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By Carolyn Kizer

In the laboratory waiting room

containing

one television actor with a teary face

trying a contact lens;

two muscular victims of industrial accidents;   

several vain women—I was one of them—   

came Deborah, four, to pick up her glass eye.


It was a long day:

Deborah waiting for the blood vessels

painted

on her iris to dry.

Her mother said that, holding Deborah

when she was born,

“First I inspected her, from toes to navel,

then stopped at her head …”

We wondered why

the inspection hadn’t gone the other way.   

“Looking into her eye

was like looking into a volcano:


“Her vacant pupil

went whirling down, down to the foundation   

of the world …

When she was three months old they took it out.   

She giggled when she went under

the anaesthetic.

Forty-five minutes later she came back

happy! …

The gas wore off, she found the hole in her face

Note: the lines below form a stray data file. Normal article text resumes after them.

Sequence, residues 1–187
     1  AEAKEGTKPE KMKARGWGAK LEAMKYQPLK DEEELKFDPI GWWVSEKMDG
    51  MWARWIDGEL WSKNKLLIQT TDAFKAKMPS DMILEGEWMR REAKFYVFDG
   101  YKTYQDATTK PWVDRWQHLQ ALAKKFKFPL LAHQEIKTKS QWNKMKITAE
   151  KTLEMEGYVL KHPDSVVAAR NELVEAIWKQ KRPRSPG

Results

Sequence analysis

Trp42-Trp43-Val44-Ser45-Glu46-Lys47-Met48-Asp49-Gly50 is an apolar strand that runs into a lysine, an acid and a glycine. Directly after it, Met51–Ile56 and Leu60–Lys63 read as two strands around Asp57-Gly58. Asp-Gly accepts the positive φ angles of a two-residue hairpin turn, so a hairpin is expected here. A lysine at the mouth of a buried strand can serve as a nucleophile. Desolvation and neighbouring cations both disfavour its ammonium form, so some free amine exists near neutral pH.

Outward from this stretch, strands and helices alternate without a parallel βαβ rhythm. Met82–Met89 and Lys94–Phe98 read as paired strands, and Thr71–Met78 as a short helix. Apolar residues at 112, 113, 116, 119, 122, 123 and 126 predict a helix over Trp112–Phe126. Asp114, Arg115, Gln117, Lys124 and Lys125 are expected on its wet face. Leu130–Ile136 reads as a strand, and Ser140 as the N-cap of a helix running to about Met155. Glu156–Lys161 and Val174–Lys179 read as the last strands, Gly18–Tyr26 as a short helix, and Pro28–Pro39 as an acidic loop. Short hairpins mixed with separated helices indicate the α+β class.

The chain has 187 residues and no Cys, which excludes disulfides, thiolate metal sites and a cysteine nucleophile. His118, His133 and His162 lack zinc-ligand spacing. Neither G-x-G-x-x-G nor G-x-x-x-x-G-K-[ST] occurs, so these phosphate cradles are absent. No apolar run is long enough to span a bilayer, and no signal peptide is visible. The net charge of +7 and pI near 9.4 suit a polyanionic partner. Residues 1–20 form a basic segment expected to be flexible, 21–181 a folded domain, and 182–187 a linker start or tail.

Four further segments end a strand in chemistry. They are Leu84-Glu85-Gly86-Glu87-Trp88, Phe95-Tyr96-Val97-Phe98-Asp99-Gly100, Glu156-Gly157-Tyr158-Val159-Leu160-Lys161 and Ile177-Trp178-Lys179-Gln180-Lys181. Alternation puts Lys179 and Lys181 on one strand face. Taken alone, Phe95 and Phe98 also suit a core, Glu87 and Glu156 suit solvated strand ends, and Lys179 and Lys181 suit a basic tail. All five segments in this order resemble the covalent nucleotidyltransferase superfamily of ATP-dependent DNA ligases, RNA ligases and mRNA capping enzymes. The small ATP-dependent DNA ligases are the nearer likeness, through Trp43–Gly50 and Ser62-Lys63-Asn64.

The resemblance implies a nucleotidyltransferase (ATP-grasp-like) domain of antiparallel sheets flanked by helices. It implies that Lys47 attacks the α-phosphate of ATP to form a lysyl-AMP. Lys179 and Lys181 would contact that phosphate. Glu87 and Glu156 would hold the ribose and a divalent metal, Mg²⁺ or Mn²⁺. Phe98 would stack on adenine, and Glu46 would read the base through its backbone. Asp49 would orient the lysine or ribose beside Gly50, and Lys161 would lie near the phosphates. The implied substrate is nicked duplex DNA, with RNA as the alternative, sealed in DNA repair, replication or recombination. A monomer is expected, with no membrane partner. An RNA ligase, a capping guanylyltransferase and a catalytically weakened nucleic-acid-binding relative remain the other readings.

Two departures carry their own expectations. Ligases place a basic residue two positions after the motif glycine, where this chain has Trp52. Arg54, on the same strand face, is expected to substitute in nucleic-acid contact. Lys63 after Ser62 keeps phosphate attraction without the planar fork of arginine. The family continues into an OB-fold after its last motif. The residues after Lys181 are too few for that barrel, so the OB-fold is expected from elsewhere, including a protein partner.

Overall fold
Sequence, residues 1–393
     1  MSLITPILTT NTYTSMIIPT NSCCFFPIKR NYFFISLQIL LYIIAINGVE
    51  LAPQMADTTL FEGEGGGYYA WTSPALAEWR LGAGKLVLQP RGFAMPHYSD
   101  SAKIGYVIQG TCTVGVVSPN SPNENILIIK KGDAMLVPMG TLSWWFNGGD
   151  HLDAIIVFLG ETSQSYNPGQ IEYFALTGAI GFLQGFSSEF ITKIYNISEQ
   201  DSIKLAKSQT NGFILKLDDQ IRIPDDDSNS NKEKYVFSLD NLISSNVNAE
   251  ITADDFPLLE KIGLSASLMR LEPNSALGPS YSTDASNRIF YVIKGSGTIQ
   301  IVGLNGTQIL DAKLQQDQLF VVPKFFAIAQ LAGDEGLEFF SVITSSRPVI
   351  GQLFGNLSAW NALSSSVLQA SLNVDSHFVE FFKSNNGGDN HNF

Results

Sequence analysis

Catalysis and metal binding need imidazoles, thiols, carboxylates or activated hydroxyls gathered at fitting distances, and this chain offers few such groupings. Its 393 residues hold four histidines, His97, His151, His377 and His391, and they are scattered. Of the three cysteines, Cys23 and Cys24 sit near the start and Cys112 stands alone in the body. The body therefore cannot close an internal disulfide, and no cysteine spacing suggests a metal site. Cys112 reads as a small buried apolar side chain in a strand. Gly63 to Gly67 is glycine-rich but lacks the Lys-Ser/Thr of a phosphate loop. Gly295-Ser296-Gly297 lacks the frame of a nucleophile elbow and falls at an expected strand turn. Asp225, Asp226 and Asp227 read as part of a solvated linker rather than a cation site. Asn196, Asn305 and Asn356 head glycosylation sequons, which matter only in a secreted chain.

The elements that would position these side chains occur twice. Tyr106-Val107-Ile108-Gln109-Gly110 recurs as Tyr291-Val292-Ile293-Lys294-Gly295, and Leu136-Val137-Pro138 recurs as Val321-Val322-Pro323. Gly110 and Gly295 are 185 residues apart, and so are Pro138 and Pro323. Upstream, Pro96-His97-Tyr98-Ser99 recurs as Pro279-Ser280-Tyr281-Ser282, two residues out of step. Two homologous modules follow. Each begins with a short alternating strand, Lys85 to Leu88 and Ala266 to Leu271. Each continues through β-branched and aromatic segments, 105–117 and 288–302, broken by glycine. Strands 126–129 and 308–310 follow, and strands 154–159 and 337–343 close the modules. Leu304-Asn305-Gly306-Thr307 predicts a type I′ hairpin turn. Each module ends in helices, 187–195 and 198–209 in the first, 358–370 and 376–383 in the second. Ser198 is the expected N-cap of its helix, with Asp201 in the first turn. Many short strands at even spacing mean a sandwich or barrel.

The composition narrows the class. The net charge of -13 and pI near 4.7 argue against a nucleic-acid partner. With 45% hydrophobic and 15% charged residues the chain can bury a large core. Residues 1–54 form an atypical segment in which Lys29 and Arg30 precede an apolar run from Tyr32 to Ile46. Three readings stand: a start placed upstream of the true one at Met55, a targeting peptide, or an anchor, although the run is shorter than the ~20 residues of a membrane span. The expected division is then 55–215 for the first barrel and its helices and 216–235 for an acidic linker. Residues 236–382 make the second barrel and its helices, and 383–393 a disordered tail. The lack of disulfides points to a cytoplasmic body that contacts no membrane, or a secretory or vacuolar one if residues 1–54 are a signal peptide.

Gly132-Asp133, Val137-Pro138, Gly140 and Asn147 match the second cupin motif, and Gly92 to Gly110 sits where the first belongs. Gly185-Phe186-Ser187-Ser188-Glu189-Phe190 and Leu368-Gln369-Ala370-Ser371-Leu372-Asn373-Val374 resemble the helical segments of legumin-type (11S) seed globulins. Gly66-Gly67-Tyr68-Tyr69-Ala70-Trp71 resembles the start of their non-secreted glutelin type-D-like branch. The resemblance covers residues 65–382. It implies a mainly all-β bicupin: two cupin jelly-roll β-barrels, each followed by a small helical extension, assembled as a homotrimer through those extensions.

(you know, it never bled?),

stayed happy, even when I went to pieces.   

She’s five, in June.


“Deborah, you get right down

from there, or I’ll have to slap!”

Laughing, Deborah climbed into the lap

of one vain lady, who

had been discontented with her own beauty.   

Now she held on to Deborah, looked her steadily   

in the empty eye.


Carolyn Kizer, “Through a Glass Eye, Lightly” from Cool, Calm, and Collected: Poems 1960-2000. Copyright © 2001 by Carolyn Kizer. Reprinted with the permission of Copper Canyon Press, P. O. Box 271, Port Townsend, WA 98368-0271, www.coppercanyonpress.org.

Source: Cool Calm and Collected: Poems 1960-2000 (Copper Canyon Press, 2001)

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Poet Bio

Carolyn Kizer
Carolyn Kizer has had a remarkably full and varied life in literature. Born in Spokane, she studied poetry with Theodore Roethke at the University of Washington, founded the literary journal Poetry Northwest, and was the first director of the Literature Program for the National Endowment of the Arts; she taught at numerous institutions, and in 1985 won the Pulitzer Prize for her volume Yin: New Poems. Her warm, accessible, and humorous poems offer shrewd insights into human motivations and behavior.

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